The History of Snape Maltings
With a history as an industrial site stretching back over 175 years, the roots of Snape Maltings as it exists today were planted by the composer Benjamin Britten and landowner George Gooderham, who both recognised the potential of the striking Maltings buildings and their stunning location.
The Early Maltings
Having bought the already busy shipping port at Snape Bridge in 1841, Victorian industrial entrepreneur Newson Garrett built Snape Maltings over the following decades in order to malt barley and ship it by Thames barge to breweries in London and elsewhere. The business expanded quickly and thrived throughout for decades as demand from breweries increased. A purpose-built branch of the East Suffolk railway line was built to Snape Maltings to support the business and from 1859 to 1960 up to three trains a day would run to and from the Maltings. At full industrial use Snape Maltings grew to some seven acres of buildings and was one of the largest flat floor maltings in the country.
The Maltings Closes
In 1965, after 120 years, the malting of barley ceased, the direct result of inefficiencies of a large complex and the site was purchased by Suffolk farmer George Gooderham.
Meanwhile the composer Benjamin Britten had founded the Aldeburgh Festival of Music and the Arts, five miles from Snape, in 1948 and the festival quickly established an international reputation, outgrowing its small venues in Aldeburgh and other locations around the Suffolk coast. In the course of the 1950s and 60s Britten explored ways to build a larger venue to host the festival, and in 1965 he leased the largest building at Snape Maltings from George Gooderham to convert into the 810-seat Snape Maltings Concert Hall, which was opened by HM Queen Elizabeth in 1967. This became the home of the Aldeburgh Festival and a venue internationally renowned for the superb quality of its acoustic. It was one of the earliest examples of an industrial building being repurposed for arts use.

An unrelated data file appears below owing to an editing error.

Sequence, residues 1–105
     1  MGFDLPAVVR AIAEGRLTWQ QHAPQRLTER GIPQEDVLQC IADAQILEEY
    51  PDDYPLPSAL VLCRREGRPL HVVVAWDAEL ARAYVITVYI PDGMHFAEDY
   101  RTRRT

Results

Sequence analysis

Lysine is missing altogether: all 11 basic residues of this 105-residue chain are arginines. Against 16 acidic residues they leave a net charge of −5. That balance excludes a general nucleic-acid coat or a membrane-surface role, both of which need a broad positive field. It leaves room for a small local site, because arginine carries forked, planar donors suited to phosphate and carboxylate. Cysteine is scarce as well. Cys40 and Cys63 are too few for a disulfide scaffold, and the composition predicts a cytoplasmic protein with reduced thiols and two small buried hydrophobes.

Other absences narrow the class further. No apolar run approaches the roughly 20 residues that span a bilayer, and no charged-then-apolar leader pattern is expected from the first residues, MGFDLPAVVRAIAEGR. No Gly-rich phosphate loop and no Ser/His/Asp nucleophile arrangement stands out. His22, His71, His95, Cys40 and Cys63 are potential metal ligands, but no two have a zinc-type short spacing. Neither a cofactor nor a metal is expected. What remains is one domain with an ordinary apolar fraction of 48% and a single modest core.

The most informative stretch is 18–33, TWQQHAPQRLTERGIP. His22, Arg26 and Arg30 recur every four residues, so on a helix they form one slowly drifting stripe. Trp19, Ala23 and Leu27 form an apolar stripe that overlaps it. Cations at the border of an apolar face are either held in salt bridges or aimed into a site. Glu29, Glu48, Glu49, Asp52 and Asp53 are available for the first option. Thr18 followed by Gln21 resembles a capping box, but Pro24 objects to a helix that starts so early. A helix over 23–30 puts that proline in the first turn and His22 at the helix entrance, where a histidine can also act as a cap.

The Hall suffered serious fire damage two years later, re-opening in time for the Aldeburgh Festival in 1970. The conversion of the building was undertaken by Arup Associates, with the acoustics supervised by Derek Sugden.
The Site Develops
From 1967 to 2015 there were parallel developments on the site, with the Gooderham family gradually creating an independent retail complex and Britten and his successors expanding beyond Snape Maltings Concert Hall to create a musical campus that would enable his vision of a place for not only an international performance programme but also work with young artists, education and community engagement. The retail and residential complex went under the banner of Snape Maltings, while the organisation running the music and arts activity became known as Aldeburgh Music, making clear that the work was the year-round expansion of the ideas and vision at the heart of Britten’s Aldeburgh Festival.